King River makes inroads into vanadium capex reduction

Date: Jan 21, 2019

King River Resources says that initial positive metallurgical testing results from its heated acid vat leaching test work on ores from its Speewah project support the development of an alternative processing route that could drastically lower capital and operating costs at the giant vanadium project.

Recent work conducted by Nagrom showed that 92% of the vanadium and 61% of titanium content was extracted from heated sulphuric acid vat leaching tests on coarsely crushed lump gabbroic ore materials from the massive Speewah deposit.

Even at ambient room temperatures, the vat leaching test work was still able to extract 84% of the total vanadium content on the same sized, run of mine or “ROM” ore composites used in the heated vat leaching work.

The results are important because the ore materials tested are 30 to 50 times larger than those considered in November’s scoping study update that estimated capital costs for the Speewah project at between $2b and $2.5b.

King River now envisages a smaller start-up operation with the potential for scaling up at a later stage, with the goal of starkly improving the capex costs which will also most likely lead to a better NPV.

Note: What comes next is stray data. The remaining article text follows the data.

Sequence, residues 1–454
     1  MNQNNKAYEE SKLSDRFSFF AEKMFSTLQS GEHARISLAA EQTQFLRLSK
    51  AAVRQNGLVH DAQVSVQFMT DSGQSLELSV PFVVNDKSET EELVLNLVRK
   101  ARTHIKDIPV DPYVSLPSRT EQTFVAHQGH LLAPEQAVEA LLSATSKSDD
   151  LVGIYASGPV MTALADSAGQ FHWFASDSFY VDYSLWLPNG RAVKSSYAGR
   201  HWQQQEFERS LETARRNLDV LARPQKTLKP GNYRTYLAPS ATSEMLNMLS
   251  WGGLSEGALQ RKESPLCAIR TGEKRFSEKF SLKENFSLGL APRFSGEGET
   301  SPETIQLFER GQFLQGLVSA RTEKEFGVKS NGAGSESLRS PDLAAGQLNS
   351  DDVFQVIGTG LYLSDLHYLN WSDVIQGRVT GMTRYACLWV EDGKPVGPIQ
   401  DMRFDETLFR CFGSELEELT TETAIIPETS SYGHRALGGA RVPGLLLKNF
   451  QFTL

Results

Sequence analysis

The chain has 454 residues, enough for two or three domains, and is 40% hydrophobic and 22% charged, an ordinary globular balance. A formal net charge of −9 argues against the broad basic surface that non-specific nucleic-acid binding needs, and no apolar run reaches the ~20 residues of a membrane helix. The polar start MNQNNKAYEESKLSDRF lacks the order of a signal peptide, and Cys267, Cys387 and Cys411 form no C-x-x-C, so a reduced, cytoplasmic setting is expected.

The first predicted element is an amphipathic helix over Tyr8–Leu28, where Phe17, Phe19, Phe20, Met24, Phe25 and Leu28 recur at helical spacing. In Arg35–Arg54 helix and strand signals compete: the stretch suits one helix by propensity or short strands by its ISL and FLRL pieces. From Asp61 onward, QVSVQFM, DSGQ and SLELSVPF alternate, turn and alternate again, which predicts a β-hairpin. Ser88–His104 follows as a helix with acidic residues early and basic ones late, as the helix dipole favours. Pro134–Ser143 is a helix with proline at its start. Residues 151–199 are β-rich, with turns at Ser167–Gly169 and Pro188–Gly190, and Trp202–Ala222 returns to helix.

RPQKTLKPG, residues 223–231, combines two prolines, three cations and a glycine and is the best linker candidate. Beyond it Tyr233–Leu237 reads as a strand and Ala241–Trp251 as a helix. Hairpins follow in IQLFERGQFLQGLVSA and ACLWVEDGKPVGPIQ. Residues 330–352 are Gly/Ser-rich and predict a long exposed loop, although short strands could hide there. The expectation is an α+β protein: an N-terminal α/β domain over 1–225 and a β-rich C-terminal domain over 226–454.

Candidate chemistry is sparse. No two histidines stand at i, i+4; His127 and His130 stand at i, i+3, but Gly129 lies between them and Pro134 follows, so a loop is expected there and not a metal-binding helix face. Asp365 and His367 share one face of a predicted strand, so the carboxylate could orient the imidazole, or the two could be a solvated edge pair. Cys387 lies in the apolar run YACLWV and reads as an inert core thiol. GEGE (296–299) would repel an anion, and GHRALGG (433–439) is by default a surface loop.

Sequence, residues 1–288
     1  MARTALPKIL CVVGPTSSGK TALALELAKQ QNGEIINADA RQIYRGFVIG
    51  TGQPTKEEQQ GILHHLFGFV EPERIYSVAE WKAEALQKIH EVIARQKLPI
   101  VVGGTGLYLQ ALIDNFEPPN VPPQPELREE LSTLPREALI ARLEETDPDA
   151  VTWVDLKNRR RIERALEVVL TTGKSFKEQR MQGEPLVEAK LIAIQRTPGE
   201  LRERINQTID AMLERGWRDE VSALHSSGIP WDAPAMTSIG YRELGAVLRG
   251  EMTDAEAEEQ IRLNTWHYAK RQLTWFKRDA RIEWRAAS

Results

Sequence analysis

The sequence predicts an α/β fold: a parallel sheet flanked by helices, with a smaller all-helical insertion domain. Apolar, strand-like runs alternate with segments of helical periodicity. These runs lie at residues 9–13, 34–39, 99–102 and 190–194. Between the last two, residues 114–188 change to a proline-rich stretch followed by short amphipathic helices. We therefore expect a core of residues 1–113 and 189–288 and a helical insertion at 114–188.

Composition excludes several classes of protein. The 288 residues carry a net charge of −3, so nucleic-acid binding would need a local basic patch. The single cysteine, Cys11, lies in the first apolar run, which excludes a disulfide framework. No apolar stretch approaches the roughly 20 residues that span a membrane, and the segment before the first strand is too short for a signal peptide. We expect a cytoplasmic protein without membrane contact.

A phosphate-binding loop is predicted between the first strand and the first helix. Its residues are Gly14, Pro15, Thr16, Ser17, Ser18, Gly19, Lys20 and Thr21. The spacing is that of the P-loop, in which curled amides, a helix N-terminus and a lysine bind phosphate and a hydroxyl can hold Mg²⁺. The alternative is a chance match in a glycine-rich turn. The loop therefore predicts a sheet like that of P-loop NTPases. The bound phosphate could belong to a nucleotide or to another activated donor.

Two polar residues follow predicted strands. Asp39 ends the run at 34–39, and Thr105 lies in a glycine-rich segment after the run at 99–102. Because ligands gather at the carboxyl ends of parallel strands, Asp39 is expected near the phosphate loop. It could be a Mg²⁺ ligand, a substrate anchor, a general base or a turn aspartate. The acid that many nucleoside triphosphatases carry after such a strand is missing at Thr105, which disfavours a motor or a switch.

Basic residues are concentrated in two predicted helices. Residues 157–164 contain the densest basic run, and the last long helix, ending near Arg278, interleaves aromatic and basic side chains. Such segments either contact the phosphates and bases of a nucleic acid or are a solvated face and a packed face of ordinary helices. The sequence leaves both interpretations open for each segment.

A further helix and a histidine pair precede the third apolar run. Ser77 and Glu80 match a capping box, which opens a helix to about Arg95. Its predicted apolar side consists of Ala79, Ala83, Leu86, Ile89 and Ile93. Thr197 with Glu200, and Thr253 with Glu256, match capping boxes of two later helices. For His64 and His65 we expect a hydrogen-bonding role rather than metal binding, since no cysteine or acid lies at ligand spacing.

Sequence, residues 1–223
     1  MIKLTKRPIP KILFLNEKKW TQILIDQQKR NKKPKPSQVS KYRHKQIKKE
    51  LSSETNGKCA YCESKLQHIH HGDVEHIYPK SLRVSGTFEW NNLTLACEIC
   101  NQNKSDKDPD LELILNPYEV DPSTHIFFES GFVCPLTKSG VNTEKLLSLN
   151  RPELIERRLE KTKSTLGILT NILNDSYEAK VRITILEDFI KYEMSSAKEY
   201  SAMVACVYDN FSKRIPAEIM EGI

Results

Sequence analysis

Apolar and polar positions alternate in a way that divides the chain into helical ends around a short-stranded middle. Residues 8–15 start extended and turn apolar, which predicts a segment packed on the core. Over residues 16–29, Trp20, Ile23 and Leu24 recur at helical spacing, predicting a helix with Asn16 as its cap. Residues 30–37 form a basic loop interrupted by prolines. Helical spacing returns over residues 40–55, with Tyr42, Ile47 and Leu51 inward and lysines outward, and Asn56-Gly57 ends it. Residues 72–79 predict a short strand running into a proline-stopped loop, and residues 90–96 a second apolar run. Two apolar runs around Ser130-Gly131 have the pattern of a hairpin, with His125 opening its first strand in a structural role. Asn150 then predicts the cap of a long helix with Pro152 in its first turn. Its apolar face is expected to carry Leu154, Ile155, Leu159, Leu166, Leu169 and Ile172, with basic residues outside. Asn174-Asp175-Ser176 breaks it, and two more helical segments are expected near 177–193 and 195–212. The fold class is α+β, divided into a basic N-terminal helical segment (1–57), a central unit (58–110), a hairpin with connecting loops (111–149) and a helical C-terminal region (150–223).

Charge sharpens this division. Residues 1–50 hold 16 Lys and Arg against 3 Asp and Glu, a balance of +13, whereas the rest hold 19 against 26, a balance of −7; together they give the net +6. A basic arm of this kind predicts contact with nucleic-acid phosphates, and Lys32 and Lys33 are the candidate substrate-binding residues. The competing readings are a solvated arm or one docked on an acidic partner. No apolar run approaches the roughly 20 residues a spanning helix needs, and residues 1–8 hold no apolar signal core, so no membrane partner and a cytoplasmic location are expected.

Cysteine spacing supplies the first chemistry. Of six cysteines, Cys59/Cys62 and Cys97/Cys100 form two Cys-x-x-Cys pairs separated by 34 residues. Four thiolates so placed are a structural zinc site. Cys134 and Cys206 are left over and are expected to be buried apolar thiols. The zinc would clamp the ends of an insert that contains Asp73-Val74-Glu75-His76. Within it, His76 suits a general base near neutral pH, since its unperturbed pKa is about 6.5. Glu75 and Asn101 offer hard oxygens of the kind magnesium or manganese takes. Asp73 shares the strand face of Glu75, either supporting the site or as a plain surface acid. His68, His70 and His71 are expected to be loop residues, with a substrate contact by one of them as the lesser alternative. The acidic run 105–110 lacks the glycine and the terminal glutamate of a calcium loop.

The test work is being completed in parallel King River’s ongoing PFS for the Speewah project, where the company is seeking to generate high value vanadium, titanium and iron products at the lowest possible unit cost.

The company’s board has re-prioritized its processing studies for the Speewah ores to a much more flexible, modular, engineered strategy that takes into consideration the advantage of owning such a large vanadium resource that is consistently mineralised, flat lying and outcropping at surface.

The test work and studies underway are re-examining the proposed open pit mining of the large Central vanadium-titanium deposit and the beneficiation of various lump sizes and coarse-grained concentrates from that ore body.

The objective is to undertake considerably less grinding of ore than originally anticipated with the ultimate goal being a dramatic reduction in capex based on the new processing flow sheet.

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